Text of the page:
The photo is of an ancient spiral carved into a 10′ high boulder at one end of the Anima Center property, concealed from casual observation by a thick cloak of wild grape vines. It symbolizes the simultaneous journeying outwards into the world and our destinies, and inwards and homewards to our authentic selves, heart and source. Thousands of years old, it marks a place sacred to the ancient Mogollon who so long cared for it, a people served by the vision and skills of certain called and driven Adepts such as we now call shamans. Shamanism is a powerful perceptual and practical tool, available not only to the adepts of primitive cultures but to us as well, with our mission or re-creating our lives and co-creating our reality.
Forget the stereotypes, a shaman is simply one who senses the unseen, inner, spiritual and energetic, and commits to utilizing any insights and lessons to stimulate changes in the visible realm… in the physical and sometimes ailing body, the culture, the environment, and the course of events. These shamanic understandings and techniques can aid not only the dedicated shaman, but also the everyday woman or man seeking a more wholly sensed, engaged, committed and satisfied life.
Regardless of their recognition or stature in their society, shamans cast large shadows. They are the select, individuals who find life so beautiful that it’s almost excruciating, and pain so significant that they have to act to heal and mend the rips. Their intent, and their intensity, can either make them stand out in crowd or help them remain invisible. No matter what their “day jobs,“ their real work is ecstatic, going again and again to the edge where magic happens, and acting as in intermediary between the different ways and ”worlds,” between the spirits and the people. They are agents in one way or another of awakeness, reintegration, healing and transformation.
What most of these shamans from around the world share in common is a world view on which all practices are based, and upon which all results depend. These include the “knowing” that all things are both interconnected and interrelated. That the unseen and the immeasurable can effect physical and visual reality, and that those unseen energies and patterns can in turn be influenced by the efforts of the practitioner. It is these rudimentary understandings that motivates the shaman’s dedication, their contribution to the harmony and balance of the body, mind, spirit, community and land. They may do this through healings, counsel, public speaking, teaching, performance, or assistance with deaths and teen’s rites of passage.
Regardless of their life’s traumas or shifts they’ve gone through, the shaman’s first charge is always to heal (make whole) the fractured selves, and only then can they credibly heal (make whole) other people and the larger community. This does not mean simply the alleviation of natural ailments, but a healing of the soul that can turn any persistent diseases or difficulties it can’t eliminate into spiritual boons and practical learning experiences.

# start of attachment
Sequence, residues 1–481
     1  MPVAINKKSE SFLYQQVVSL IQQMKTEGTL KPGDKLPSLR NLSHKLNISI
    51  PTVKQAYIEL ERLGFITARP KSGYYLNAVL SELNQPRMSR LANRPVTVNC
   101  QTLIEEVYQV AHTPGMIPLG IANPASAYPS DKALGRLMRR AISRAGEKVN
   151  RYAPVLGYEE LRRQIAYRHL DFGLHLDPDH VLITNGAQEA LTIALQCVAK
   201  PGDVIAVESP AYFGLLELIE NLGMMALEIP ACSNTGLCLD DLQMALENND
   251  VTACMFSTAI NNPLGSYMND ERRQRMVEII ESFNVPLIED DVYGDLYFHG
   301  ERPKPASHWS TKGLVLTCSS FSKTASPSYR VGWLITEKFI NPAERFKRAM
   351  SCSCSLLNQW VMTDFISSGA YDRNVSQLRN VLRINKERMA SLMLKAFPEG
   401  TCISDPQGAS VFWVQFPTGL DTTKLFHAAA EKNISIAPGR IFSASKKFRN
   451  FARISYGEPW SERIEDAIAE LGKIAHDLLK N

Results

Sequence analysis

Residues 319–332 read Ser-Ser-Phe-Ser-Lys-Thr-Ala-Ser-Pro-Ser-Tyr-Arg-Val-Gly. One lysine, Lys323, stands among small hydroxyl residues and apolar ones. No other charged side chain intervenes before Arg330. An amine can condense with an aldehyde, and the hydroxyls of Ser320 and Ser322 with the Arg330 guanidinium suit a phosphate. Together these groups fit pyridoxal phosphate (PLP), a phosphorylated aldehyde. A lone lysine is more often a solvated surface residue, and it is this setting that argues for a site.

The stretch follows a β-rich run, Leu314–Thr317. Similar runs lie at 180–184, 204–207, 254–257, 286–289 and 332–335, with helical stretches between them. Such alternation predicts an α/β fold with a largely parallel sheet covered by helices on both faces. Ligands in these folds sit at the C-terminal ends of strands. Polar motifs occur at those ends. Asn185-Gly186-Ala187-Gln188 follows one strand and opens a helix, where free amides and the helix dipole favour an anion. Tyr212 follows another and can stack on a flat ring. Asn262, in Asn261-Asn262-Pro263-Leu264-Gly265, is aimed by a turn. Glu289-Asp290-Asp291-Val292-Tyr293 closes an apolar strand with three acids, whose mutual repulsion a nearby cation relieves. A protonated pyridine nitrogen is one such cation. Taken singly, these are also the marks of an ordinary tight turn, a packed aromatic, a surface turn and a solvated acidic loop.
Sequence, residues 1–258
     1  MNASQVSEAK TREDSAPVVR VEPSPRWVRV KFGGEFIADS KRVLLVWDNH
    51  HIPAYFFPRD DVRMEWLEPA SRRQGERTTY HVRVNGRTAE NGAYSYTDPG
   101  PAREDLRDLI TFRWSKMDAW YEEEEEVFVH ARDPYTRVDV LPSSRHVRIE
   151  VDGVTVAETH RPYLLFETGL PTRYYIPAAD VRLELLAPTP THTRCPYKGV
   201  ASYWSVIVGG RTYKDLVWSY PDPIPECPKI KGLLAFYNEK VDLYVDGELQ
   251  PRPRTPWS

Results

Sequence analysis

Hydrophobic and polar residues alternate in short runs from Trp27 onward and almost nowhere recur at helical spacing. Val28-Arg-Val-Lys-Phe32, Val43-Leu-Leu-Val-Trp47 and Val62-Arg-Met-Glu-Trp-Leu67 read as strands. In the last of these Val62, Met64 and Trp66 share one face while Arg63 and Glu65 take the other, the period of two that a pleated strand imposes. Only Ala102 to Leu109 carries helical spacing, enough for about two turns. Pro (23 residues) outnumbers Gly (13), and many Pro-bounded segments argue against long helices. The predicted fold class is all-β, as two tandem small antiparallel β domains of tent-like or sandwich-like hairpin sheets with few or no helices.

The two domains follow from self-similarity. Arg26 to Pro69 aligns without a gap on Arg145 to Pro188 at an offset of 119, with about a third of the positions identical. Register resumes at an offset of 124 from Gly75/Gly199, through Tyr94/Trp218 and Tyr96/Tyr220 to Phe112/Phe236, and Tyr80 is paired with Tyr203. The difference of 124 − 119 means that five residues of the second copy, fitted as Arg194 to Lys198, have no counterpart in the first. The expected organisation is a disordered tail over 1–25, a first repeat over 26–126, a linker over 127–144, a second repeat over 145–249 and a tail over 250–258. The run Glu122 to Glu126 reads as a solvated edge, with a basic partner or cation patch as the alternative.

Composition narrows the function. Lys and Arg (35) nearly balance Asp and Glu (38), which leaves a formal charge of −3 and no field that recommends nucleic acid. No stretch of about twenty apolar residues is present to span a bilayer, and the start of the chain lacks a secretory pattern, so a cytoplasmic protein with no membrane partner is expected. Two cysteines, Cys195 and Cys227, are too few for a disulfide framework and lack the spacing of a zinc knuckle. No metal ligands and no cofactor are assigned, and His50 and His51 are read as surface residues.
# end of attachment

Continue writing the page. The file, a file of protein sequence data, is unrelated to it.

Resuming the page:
Needless to say, after the reintegration of one’s lost parts, or after any successful healing, the shaman can still help the person or situation return to a state of balance. Nor is the subject’s own involvement over. We still need to commit to a partnership with power, acting on what we see, manifesting our visions, correct our misalignments and imbalances, employ our expanded awareness for the good, using our fears as fuel for positive movement and change, and living our dreams.
While not everyone is meant to be a full-on shaman, shamanic practice can vitalize and deepen anybody willing to authentically do the work. Even for those with other callings, it can serve as an energetic vehicle, assisting passage through the portal of the feeling heart, taking us into deeper connection with the miraculous, inspiring us to take response-ability as conscious co-creators of multi-dimensional reality and our wonderful shared world.
Earth-Path shamanism is a heart-stirring journey into Anima and the reintegrative experience of planetary consciousness. It is the actual moment to moment utilization of any messages and tools revealed during that exploration… and the maximization of our physical and more-than-physical senses, including instinct, intuition, empathy, energetic discernment, clairvoyance and precognition. It is identifying and then being true to our unique, individual, most meaningful purpose… as well as the giving of the whole self in the most powerful, beautiful and effective ways possible, for the benefit of the greater whole.
The hopeful result of shamanic study and practice is: An understanding of the fundamentals of pan-cultural cosmology and earth-informed practice. Conscious interaction with the spirit realm. Heightened skills to effect the world. Furthered ability to heal and bring to balance both individuals and the society of which we are a part. New means for improving relationships with coworkers, allies, friends and spouses. More intuitive presence in personal business, that can lead to better decision-making and a deeper measure of mission success.
Earth-Path shamanism offers a means for re-creating primal/primary ritual, ceremony, practice, tradition and tribe true to our usually mixed blood ancestry and these contemporary times. Enlisted to reconnect rather than disembark or transcend, such shamanism may be even more important now than in our tribal and prehistoric past. At its most vital best, it can lead to the recognition and affirmation of our latent, pre-existing shamanic abilities, propensities and potentials. And to the development of personal criteria for its honorable application… in these times of personal and global transformation, unequaled struggle and unparalleled reward.
We awaken to the shaman now, under virtually the same stars as the ancestors, penetrating the same darkness with the same insistent light.